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This article is from the Dictionary of North Carolina Biography, 6 volumes, edited by William S. Powell. Copyright ©1979-1996 by the University of North Carolina Press. Used by permission of the publisher. For personal use and not for further distribution. Please submit permission requests for other use directly to the publisher.

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Alexander, William Julius

by Roger N. Kirkman, 1979; Revised by SLNC Government and Heritage Library, April 2023

March 1797–15 Feb. 1857

William Julius Alexander. He is depicted wearing a coat and high collared shirt. He has medium hair with a harsh widow's peak. He is smirking. William Julius Alexander, speaker of the North Carolina House of Commons, solicitor, and superintendent of the Charlotte branch of the U.S. Mint, was born in Salisbury, the son of William Alexander. He attended Poplar Tent Academy under the direction of a Reverend Dr. Robinson and was graduated from The University of North Carolina in 1816. After serving an apprenticeship under Archibald Henderson in Salisbury, Alexander was admitted to the bar in 1818. He married Catharine Wilson, daughter of Joseph Wilson, solicitor of the Sixth Circuit.

In 1826 Alexander entered public life as a Democratic representative from Mecklenburg County in the North Carolina House of Commons. He served five consecutive terms from 1826 to 1831 and two additional terms in 1833–34 and 1834–35. He was speaker in 1829–30, 1833–34, and 1834–35. He also served as a trustee of The University of North Carolina from 1827 until 1856. Following the death of his father-in-law in August 1829, he was appointed solicitor in his stead; he resigned in 1833. In 1835 he was defeated by Romulus M. Saunders for a seat on the superior court. In 1846 President James K. Polk, a fellow alumnus of the university and member of the same campus literary society, appointed Alexander superintendent of the U.S. branch mint in Charlotte, succeeding Greene W. Caldwell, who volunteered to fight in the war with Mexico. Alexander held this position as late as 1851. At his retirement he moved to Lincolnton, where he died.

Additional information from NCpedia editors at the State Library of North Carolina:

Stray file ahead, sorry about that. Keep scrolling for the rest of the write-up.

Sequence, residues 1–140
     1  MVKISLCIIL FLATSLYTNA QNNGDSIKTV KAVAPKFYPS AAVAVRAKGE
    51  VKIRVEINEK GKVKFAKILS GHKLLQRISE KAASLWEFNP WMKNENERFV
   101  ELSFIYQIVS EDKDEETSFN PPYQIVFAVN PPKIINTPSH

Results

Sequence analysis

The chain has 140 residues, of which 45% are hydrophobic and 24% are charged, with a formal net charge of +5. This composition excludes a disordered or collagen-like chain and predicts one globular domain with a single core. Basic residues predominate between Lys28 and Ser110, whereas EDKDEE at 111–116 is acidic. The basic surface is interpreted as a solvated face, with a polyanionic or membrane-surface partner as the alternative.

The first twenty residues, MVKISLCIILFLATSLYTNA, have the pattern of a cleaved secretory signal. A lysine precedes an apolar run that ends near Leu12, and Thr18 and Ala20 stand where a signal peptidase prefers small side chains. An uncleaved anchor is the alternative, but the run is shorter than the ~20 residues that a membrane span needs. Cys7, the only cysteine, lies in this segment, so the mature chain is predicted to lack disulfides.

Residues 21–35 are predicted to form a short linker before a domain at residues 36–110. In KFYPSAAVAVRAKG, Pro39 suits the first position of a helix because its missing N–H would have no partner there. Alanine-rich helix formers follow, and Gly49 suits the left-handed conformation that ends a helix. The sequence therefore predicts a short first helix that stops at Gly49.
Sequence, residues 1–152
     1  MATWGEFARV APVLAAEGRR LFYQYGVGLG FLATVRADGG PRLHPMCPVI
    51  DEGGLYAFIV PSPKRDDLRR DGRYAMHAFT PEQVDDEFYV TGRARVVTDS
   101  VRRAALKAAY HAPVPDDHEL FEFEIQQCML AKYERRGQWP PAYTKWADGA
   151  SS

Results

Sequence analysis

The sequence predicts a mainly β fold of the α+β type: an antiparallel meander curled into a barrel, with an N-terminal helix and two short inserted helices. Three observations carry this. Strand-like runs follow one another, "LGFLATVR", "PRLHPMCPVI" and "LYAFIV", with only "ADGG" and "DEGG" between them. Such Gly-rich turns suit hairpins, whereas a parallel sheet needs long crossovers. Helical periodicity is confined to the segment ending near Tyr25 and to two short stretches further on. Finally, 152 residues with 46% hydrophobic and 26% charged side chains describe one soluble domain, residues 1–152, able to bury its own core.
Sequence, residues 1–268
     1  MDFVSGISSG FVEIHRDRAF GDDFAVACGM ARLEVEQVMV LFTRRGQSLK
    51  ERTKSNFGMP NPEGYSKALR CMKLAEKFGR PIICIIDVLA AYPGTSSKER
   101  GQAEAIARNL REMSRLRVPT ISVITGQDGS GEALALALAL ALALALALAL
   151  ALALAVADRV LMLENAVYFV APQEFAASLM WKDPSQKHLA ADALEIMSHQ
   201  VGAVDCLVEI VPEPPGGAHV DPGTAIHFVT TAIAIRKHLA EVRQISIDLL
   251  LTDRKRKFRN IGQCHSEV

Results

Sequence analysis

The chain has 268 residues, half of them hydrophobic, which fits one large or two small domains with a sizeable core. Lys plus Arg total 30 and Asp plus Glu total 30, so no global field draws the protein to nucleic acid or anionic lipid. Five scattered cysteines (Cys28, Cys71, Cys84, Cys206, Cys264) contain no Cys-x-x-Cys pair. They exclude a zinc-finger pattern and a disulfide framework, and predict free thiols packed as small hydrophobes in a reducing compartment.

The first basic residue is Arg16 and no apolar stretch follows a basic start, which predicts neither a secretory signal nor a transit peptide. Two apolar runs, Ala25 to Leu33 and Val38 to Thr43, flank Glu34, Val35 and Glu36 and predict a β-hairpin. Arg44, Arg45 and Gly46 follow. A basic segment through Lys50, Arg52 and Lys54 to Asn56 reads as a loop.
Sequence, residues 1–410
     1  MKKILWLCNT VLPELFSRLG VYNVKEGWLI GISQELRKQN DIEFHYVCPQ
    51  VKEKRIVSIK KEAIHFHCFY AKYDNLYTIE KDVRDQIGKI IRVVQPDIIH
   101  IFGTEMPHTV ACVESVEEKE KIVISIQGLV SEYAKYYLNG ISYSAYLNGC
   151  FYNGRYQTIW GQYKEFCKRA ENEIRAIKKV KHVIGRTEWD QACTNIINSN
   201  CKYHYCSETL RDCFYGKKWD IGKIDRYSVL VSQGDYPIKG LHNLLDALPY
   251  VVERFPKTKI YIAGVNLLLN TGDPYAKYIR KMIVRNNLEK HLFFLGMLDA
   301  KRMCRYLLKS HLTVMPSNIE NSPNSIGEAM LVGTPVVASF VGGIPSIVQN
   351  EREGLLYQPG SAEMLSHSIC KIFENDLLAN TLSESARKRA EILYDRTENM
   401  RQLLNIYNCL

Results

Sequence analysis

This person enslaved and owned other people. Many Black and African people, their descendants, and some others were enslaved in the United States until the Thirteenth Amendment abolished slavery in 1865. It was common for wealthy landowners, entrepreneurs, politicians, institutions, and others to enslave people and use enslaved labor during this period. To read more about the enslavement and transportation of African people to North Carolina, visit To read more about slavery and its history in North Carolina, visit - Government and Heritage Library, 2023


Kemp P. Battle, History of the University of North Carolina, 2 vols. (1907–1912).

Daniel Lindsey Grant, Alumni History of the University of North Carolina (1924).

Henry T. Shanks, ed., The Papers of Willie Person Mangum, 5 vols. (1950–1956).

William L. Sherrill, Annals of Lincoln County, North Carolina (1937).

John H. Wheeler, Historical Sketches of North Carolina (1851).

John H. Wheeler, Reminiscences and Memoirs of North Carolina and Eminent North Carolinians (1884).

"W J Alexander." Sixth Census of the United States. 1840. Mecklenburg, North Carolina. Roll 365. Page 259. Family History Library Film 0018095. Accessed April 10, 2023 from

Image Credits:

William Julius Alexander. Folder 0028: Alexander, William Julius (b. 1797): Scan 1. Portrait Collection, circa 1720-1997; finding aid: Image courtesy of University of North Carolina at Chapel Hill, Wilson Library, North Carolina Collection Photographic Archives.

Origin - location: